The European Association for Forwarding, Transport, Logistics and Customs Services (CLECAT) has sent a letter to the European Union, urging for an inquiry into the container shipping sector, alleging unfair and discriminatory practice.

“The profiteering of ocean shipping carriers resulting from their capacity management strategy allowed them to acquire the market power and financial war chest that they are now using to vertically integrate, increase rates and drive out independent freight forwarders in the downstream market,” CLECAT suggests, claiming discriminatory conduct towards freight forwarders will ultimately disadvantage shippers and end-consumers because of restricted choice in services and higher rates.

CLECAT has sent a letter to Margrethe Vestager, the EU’s commissioner for competition, asking the European Commission to use its powers of investigation to establish the degree of concentration, consolidation, coordination, and cartelisation in the upstream container liner shipping services markets serving the EU, and the downstream markets for freight forwarding services.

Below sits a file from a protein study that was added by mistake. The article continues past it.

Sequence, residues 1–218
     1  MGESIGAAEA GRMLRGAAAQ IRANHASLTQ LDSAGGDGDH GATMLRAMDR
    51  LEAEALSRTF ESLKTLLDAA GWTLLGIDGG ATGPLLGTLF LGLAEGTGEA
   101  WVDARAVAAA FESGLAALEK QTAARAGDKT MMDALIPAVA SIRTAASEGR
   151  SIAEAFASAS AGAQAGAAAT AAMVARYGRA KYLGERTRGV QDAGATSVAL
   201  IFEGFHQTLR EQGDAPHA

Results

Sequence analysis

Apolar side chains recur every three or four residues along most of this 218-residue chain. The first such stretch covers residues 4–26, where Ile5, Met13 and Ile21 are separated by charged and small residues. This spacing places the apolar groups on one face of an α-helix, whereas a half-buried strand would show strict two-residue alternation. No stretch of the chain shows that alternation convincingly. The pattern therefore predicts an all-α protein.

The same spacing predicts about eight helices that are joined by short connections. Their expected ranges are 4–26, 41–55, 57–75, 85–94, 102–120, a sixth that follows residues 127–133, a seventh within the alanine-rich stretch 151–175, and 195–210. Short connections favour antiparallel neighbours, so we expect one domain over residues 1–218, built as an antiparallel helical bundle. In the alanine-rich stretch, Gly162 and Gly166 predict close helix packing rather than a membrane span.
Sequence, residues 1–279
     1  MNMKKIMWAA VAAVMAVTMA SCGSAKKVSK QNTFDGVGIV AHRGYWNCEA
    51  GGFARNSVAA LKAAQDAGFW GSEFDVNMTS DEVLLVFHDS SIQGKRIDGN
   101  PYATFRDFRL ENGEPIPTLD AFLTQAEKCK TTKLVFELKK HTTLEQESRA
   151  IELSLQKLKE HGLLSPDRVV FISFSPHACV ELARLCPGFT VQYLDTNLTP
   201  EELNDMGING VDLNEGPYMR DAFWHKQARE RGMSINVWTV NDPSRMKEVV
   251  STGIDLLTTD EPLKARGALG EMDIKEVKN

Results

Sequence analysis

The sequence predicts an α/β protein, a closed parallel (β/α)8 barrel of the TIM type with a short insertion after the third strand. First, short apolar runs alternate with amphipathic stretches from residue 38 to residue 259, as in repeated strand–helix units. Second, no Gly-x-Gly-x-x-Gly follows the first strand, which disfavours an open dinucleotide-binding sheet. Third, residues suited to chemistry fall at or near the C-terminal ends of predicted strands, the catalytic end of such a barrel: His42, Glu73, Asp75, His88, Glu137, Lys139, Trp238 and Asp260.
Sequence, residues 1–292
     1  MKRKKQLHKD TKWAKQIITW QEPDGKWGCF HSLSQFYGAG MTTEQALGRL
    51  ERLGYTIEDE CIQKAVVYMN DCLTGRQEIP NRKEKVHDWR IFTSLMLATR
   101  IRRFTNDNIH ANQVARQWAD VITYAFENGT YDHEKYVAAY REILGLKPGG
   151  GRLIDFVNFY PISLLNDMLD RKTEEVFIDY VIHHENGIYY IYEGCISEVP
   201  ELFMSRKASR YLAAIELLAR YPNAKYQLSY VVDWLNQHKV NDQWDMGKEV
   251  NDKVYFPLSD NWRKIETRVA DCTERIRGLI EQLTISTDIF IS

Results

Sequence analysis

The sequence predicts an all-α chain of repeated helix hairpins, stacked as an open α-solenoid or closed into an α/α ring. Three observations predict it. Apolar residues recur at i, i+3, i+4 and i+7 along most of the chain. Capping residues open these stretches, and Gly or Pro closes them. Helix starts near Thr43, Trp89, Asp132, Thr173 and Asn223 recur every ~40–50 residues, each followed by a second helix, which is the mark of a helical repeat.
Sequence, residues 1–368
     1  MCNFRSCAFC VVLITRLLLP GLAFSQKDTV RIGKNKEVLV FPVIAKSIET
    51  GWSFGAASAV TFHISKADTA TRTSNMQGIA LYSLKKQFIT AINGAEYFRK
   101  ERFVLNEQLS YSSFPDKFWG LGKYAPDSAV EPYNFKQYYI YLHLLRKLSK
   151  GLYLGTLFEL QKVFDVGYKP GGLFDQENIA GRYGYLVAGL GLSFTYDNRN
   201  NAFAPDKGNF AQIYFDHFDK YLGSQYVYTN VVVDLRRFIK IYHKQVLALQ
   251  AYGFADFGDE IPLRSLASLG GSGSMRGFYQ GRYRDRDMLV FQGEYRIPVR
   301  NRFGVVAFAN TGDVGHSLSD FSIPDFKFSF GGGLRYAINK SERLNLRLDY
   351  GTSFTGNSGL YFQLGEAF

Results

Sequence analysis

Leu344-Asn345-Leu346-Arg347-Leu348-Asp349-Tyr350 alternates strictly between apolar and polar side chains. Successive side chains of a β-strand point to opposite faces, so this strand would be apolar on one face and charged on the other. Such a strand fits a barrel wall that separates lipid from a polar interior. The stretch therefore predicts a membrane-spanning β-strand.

CLECAT has called on the commission to investigate under the EU competition rules, and in the context of the Consortia Block Exemption Regulation (CBER) review, the marketplace effects of the combination of the block exemption, vertical integration, consolidation, control of data and the resulting market dominance.

Nicolette van der Jagt, director general of CLECAT, commented: “The vertical integration is particularly unfair and discriminatory as carriers – enjoying an exemption from normal competition rules – are using the windfall profits to compete against other sectors that have no such immunity.”

She added: “Consolidation is also problematic as fewer carriers lead to fewer service options, constraints on the supply of space and market dominance that, in turn, enable a few carriers to discriminate among larger BCOs, SMEs and freight forwarders—which then lead to higher rates for everyone.”

To date, the European Union has ducked away from pursuing liner investigations, while other jurisdictions, notably the US, have been looking into the matter in recent months. Liners made a combined profit in excess of $200bn last year, while also presiding over the worst period of schedule reliability in the history of containerisation.


author: Sam Chambers